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Ethiopian Journal of Health Development

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Free roaming dogs and the communities’ knowledge, attitude and practices of rabies incidence/human exposures: Cases of selected settings in Ethiopia and Kenya

Habtamu T. Menghistu, Andrew G. Thaiyah, Midekso Bajitie, Jamleck Bundi, Getachew Gugssa, Abrha Bsrat, Gilbert Kirui, Kitaa J.M.A, Yisehak Tsegaye, Tadesse Teferi

Abstract


Abstract
Background: According to the recommendation made by World Health organization, vaccinating 70% of the dog population helps to control rabies and prevent rabies virus in human population. However, the exponential increase in the population of free roaming dogs is a serious challenge to this strategy in Eastern African countries including Ethiopia and Kenya. Understanding the dynamics of free roaming dog populations is, thus, a step to be taken prior to designing effective rabies prevention and control strategy in these countries.
Objectives: The present study was designed to determine the number of free roaming dogs in selected settings in Ethiopia and Kenya, and describe the level of community knowledge, attitude and practice (KAP) on rabies incidence/human exposures. The study also described the socio-cultural value of dog keeping in the areas considered in the study.
Methodology: Counting free roaming dogs were a major means of collecting data in both Ethiopia and Kenya. Dog count was made using the markup capture approach. Other than counting, questionnaire was used to obtain data for the study. Three-hundred and ninety-eight copies of questionnaires were administered to the study participants in Ethiopia, while the number of respondents to the questionnaire in Kenya was 351. In addition, a five-year retrospective data on dog/animal bite cases were collected from selected health facilities of the study sites.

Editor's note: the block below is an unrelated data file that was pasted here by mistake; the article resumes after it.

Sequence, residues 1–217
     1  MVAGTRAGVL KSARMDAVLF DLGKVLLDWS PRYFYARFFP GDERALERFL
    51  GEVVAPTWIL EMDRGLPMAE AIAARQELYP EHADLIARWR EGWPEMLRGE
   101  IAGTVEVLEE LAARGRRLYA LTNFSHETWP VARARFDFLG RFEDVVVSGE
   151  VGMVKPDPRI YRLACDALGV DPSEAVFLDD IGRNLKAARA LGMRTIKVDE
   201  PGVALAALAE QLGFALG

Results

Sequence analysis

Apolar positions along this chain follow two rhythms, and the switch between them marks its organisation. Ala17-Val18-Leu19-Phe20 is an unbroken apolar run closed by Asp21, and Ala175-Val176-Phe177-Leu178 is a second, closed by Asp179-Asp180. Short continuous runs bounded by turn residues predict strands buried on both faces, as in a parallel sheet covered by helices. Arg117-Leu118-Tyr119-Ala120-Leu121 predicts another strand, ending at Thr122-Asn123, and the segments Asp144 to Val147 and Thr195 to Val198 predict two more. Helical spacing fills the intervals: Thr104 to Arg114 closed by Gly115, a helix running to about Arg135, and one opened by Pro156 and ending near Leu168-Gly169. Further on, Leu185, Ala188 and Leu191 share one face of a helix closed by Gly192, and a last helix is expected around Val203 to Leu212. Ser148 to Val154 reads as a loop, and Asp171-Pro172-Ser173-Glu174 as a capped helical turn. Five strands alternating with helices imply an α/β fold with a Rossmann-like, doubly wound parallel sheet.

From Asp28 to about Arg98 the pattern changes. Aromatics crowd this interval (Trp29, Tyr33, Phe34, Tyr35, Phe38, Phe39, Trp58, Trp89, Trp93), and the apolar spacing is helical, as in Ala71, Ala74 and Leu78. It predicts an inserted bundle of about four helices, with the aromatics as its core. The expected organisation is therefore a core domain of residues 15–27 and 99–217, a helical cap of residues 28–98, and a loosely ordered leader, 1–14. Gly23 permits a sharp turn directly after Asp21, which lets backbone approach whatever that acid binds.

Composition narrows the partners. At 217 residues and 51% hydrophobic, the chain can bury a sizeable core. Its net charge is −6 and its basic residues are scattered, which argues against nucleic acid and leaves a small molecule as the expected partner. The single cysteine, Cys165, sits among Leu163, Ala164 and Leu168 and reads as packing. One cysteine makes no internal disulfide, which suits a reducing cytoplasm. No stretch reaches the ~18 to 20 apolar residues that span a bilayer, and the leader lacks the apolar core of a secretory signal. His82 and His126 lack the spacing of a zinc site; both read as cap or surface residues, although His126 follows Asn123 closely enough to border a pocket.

Results: A total of 2991 and 386 free roaming dogs were counted in Ethiopia and Kenya, respectively. A five-year retrospective data showed cases of 1524 (in Mekelle) and 429 (Assela) individuals who were bitten/infected by rabies-suspected animals. Evidence obtained from the health facilities in Mekelle and Assela showed the bitten/infected individuals took PEP within the specified period.
In Kenya, a total of 3441 and 4997 animal bite cases were reported from 2010-2014 in Kisumu and Siaya, respectively. The number of animal bite cases may signify the economic burden incurred (cost of PEP and other related costs), public health impact and social value of the disease. The questionnaire data also indicated the existing dog management practices, awareness of the community about rabies and its zoonotic importance, the first line of action taken at home for individuals bitten by rabies suspected animal, awareness of the community on dog vaccination, importance of free roaming dogs and their management.
Conclusion: The significant proportion of free roaming dogs and number of animal bite cases calls for an integrated action between human and veterinary professionals to control the number of free roaming dog population, initiate awareness creation programs in the community and increase the vaccination of owned dogs there by to control and prevent rabies. Ethiop. J. Health Dev. 2018;32(1):27-35]




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